- INCREDIBLE Shootout Winning Triple Plus (A+++) sound is found throughout this original (but not FR-1, those didn’t do as well!) Mercury LP
- Absolutely As Good As It Gets – it’s easy to forget just how REAL a recording like this from 1957 can sound
- We have a preference for Dorati’s work with the London Symphony Orchestra, and a record like this will show you exactly why we do
- If you’re a fan of 20th century orchestral showpieces such as these, Robert Fine and Wilma Cozart have here produced a very special record of two of the best
- We hope you like your sound big and bold,m because that is the sound they were obviously going for
- I have to admit I was never a fan of this album until only a few years ago, when I finally got my hands on a clean copy and heard the powerful sound of the London Symphony come blasting out of my speakers — what a thrill!
- This record seems to have dropped from the TAS Super Disc list, which is only fitting since those nitwits have been watering it down with one crappy title after another since HP passed in 2014
In the heyday of the ’90s, when these records were all the rage, this copy would have sold for at least $1000 and probably more. And the copy that sold for that would have been very unlikely to sound as good as this one, if only for the fact that cleaning technologies have advanced so much over the last twenty years or so (and no, I do not mean ultrasonic cleaning. I mean scrubbing the right fluids and using the right machines to vacuum them off).
This vintage Mercury Living Presence pressing has the kind of Tubey Magical Midrange that modern records can barely BEGIN to reproduce. Folks, that sound is gone and it sure isn’t showing signs of coming back. If you love hearing INTO a recording, actually being able to “see” the performers, and feeling as if you are sitting in the studio with the band, this is the record for you. It’s what vintage all analog recordings are known for — this sound.
If you exclusively play modern repressings of vintage recordings, I can say without fear of contradiction that you have never heard this kind of sound on vinyl. Old records have it — not often, and certainly not always — but maybe one out of a hundred new records do, and those are some pretty long odds.
What the Best Sides Of The Love For Three Oranges Suite / Scythian Suite Have to Offer Is Not Hard to Hear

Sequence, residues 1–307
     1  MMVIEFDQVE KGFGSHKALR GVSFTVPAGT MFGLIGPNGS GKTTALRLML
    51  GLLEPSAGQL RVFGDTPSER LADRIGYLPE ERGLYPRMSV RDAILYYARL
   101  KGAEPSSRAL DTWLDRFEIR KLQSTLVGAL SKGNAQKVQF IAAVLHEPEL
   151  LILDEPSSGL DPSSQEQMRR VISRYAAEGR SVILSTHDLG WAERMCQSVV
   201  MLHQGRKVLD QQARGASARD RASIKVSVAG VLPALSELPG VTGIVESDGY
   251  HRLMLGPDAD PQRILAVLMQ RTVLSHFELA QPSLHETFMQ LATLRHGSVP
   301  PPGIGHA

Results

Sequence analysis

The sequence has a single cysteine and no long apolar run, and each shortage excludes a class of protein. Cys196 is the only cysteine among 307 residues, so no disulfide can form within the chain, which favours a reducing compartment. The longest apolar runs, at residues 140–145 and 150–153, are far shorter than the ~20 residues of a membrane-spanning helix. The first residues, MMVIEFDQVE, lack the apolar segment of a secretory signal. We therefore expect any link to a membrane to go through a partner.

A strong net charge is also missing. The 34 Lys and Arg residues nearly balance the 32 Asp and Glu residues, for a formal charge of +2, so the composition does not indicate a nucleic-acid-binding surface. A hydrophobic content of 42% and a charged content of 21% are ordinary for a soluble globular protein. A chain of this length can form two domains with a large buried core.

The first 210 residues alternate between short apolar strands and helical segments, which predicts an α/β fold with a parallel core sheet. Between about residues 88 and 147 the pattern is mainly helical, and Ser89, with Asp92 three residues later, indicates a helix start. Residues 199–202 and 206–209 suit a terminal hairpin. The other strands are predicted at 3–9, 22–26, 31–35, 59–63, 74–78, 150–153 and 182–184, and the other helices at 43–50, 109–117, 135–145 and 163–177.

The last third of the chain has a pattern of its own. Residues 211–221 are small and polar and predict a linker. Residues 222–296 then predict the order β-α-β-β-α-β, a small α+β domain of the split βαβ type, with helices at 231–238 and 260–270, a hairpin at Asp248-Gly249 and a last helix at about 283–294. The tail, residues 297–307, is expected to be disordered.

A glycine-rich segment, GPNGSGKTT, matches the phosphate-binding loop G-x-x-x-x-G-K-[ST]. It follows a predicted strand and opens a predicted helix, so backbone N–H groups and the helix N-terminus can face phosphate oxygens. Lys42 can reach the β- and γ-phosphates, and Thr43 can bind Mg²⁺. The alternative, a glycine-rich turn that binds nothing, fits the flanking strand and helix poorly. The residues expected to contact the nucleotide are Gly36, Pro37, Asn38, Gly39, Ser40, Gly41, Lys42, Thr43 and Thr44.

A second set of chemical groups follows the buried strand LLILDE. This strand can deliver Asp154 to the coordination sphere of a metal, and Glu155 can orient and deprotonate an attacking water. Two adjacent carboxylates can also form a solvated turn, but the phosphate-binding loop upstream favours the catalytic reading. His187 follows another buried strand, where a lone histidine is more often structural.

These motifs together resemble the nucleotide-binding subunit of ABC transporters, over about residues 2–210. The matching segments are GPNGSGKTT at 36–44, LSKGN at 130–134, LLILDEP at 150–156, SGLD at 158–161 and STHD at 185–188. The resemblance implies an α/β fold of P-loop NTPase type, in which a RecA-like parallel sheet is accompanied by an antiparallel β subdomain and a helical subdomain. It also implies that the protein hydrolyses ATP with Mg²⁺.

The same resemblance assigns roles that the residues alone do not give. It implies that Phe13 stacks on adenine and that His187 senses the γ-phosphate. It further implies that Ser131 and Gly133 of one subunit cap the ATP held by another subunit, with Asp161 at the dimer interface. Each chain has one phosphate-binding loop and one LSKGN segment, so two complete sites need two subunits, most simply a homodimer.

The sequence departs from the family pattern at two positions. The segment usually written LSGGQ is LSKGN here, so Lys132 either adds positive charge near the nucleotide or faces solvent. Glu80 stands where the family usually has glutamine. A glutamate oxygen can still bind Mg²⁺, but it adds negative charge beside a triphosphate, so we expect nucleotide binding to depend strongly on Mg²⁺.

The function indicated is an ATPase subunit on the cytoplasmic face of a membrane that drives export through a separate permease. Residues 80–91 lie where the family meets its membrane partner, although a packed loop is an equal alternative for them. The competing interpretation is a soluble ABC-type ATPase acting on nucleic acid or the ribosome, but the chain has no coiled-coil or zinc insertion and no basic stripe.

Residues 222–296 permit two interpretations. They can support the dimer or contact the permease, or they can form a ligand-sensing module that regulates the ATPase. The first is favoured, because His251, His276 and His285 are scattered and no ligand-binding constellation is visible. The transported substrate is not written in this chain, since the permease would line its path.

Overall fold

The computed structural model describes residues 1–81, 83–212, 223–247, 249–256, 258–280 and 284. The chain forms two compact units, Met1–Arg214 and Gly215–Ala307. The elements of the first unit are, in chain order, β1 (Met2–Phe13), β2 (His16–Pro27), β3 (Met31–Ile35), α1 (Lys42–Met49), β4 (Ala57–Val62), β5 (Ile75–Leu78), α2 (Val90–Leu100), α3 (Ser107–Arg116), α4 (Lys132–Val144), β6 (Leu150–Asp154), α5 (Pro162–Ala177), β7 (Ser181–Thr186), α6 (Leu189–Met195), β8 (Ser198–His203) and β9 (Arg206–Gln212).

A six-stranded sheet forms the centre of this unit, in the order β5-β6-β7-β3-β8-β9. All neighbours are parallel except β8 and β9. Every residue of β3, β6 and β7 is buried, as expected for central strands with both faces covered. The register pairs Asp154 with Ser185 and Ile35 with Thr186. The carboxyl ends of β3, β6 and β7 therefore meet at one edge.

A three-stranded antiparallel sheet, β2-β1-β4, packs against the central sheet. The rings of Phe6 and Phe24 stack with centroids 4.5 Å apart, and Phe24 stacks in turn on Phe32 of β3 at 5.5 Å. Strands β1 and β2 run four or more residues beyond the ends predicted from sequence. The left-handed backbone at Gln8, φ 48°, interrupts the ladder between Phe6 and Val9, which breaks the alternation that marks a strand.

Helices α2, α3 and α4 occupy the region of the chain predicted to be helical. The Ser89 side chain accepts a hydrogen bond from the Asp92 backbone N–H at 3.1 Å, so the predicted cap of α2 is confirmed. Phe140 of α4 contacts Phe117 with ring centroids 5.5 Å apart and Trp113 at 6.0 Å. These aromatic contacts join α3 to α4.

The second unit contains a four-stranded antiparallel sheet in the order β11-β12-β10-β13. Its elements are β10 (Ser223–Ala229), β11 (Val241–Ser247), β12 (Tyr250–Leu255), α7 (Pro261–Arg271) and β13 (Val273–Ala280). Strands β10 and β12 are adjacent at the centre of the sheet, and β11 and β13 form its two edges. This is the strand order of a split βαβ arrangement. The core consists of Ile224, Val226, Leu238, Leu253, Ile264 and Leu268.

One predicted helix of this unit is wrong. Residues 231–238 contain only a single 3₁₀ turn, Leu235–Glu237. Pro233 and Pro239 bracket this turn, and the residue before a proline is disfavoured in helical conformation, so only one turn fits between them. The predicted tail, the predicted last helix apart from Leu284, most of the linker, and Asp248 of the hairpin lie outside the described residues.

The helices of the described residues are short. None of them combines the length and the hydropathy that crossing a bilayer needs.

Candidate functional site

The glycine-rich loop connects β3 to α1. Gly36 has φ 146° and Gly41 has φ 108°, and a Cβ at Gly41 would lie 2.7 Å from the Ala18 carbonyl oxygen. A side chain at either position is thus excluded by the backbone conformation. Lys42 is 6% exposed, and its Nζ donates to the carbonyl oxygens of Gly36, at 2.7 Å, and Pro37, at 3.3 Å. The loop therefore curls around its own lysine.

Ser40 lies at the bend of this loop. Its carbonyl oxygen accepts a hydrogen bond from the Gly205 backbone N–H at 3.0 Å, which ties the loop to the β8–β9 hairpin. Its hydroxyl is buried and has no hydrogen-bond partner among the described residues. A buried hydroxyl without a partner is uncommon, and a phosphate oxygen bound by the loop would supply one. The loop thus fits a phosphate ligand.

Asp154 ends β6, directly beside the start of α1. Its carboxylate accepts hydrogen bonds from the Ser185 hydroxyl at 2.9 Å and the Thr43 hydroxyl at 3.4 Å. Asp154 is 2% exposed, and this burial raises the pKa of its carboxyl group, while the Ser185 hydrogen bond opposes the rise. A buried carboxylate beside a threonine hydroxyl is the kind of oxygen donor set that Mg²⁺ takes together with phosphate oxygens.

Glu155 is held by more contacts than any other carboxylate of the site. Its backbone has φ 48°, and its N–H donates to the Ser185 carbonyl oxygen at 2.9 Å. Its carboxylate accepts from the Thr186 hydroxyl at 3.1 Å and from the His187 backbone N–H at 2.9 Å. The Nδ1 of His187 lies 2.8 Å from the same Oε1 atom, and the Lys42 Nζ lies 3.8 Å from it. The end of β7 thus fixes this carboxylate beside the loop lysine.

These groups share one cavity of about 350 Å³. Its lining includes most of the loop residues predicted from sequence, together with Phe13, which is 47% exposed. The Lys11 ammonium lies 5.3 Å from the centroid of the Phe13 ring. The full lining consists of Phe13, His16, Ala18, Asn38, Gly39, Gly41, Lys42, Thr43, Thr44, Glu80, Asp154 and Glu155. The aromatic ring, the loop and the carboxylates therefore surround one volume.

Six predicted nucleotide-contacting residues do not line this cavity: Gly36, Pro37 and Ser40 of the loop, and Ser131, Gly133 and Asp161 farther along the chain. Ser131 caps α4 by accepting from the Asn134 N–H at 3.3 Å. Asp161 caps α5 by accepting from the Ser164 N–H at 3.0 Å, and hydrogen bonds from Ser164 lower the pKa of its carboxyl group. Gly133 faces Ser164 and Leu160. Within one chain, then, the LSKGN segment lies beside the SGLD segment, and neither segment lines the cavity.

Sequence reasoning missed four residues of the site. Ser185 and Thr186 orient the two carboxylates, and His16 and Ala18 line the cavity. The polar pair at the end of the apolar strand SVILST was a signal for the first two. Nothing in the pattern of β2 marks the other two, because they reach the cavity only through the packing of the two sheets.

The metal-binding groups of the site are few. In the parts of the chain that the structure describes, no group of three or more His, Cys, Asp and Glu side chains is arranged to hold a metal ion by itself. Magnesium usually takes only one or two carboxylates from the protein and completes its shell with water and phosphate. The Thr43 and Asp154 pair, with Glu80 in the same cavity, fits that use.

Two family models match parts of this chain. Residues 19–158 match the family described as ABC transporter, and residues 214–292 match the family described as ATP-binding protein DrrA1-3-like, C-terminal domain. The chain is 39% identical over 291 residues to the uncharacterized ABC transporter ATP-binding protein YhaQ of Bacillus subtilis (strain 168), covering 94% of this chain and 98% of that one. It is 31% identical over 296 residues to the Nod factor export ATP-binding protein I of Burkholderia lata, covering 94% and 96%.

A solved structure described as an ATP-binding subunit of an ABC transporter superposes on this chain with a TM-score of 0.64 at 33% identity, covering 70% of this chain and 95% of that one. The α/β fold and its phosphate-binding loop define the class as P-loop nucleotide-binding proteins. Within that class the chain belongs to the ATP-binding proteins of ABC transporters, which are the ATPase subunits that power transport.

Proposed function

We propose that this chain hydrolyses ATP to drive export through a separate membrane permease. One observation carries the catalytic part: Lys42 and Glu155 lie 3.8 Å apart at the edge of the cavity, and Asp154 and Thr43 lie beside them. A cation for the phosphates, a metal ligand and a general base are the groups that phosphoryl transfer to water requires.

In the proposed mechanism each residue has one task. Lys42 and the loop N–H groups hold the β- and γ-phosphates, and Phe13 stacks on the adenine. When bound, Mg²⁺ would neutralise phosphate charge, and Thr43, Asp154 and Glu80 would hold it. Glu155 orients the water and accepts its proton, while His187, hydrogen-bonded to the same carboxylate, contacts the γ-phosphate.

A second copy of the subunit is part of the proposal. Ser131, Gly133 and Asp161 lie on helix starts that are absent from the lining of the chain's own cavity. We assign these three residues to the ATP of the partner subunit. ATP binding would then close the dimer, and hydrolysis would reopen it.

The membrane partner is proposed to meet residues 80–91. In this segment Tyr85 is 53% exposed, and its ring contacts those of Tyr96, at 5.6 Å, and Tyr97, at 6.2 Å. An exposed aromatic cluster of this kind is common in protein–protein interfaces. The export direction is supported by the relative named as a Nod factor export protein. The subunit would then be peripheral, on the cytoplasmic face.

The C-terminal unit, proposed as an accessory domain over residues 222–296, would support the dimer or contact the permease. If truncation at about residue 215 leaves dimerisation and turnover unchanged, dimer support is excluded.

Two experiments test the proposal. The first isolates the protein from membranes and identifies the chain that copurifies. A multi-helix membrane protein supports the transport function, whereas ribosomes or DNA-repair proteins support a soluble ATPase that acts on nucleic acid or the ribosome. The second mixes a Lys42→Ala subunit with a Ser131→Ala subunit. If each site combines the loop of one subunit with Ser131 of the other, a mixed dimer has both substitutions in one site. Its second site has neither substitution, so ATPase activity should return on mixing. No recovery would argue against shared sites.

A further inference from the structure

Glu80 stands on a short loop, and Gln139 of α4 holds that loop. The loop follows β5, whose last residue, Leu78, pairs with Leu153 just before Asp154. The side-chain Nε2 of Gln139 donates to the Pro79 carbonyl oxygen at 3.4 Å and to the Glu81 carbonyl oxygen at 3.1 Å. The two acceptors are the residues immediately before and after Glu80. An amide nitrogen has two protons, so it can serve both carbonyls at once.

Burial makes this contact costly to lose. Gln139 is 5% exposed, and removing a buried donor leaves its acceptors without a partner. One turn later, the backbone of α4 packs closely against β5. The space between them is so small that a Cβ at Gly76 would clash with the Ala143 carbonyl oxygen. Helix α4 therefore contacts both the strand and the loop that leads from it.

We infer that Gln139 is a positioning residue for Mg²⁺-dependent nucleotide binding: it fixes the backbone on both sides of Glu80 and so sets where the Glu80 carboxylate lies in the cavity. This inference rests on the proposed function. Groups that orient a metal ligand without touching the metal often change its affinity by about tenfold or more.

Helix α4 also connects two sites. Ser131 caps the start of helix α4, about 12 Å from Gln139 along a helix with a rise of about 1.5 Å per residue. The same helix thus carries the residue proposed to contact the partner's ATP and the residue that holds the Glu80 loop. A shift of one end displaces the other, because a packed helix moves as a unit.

- The biggest, most immediate staging in the largest acoustic space
- The most Tubey Magic, without which you have almost nothing. CDs give you clean and clear. Only the best vintage vinyl pressings offer the kind of Tubey Magic that was on the tapes in 1957
- Tight, note-like, rich, full-bodied bass, with the correct amount of weight down low
- Natural tonality in the midrange — with all the instruments having the correct timbre
- Transparency and resolution, critical to hearing into the three-dimensional studio space
No doubt there’s more but we hope that should do for now. Playing the record is the only way to hear all of the qualities we discuss above, and playing the best pressings against a pile of other copies under rigorously controlled conditions is the only way to find a pressing that sounds as good as this one does.
Size and Space
One of the qualities that we don’t talk about on the site nearly enough is the SIZE of the record’s presentation. Some copies of the album just sound small — they don’t extend all the way to the outside edges of the speakers, and they don’t seem to take up all the space from the floor to the ceiling. In addition, the sound can often be recessed, with a lack of presence and immediacy in the center.
Other copies — my notes for these copies often read “BIG and BOLD” — create a huge soundfield, with the music positively jumping out of the speakers. They’re not brighter, they’re not more aggressive, they’re not hyped-up in any way, they’re just clearer.
We often have to go back and downgrade the copies that we were initially impressed with in light of such a standout pressing. Who knew the recording could be that huge, spacious and three-dimensional? We sure didn’t, not until we played the copy that had those qualities, and that copy might have been number 8 or 9 in the rotation.
Think about it: if you had only seven copies, you might not have ever gotten to hear a copy that sounded that open and clear. And how many even dedicated audiophiles would have more than one of two clean British copies with which to do a shootout? These records are expensive and hard to come by in good shape. Believe us, we know whereof we speak when it comes to getting hold of British pressings of Classic Rock albums.
One further point needs to be made: most of the time these very special pressings just plain rock harder. When you hear a copy do what this copy can, it’s an entirely different – and dare I say unforgettable — listening experience.
What We’re Listening For On The Love For Three Oranges Suite / Scythian Suite
- Energy for starters. What could be more important than the life of the music?
- The Big Sound comes next — wall to wall, lots of depth, huge space, three-dimensionality, all that sort of thing.
- Then transient information — fast, clear, sharp attacks, not the smear and thickness so common to these LPs.
- Tight punchy bass — which ties in with good transient information, also the issue of frequency extension further down.
- Next: transparency — the quality that allows you to hear deep into the soundfield, showing you the space and air around all the instruments.
- Extend the top and bottom and voila, you have The Real Thing — an honest to goodness Hot Stamper.
Mint Minus Minus and maybe a bit better is about as quiet as any vintage pressing will play, and since only the right vintage pressings have any hope of sounding good on this album, that will most often be the playing condition of the copies we sell. (The copies that are even a bit noisier get listed on the site are seriously reduced prices or traded back in to the local record stores we shop at.)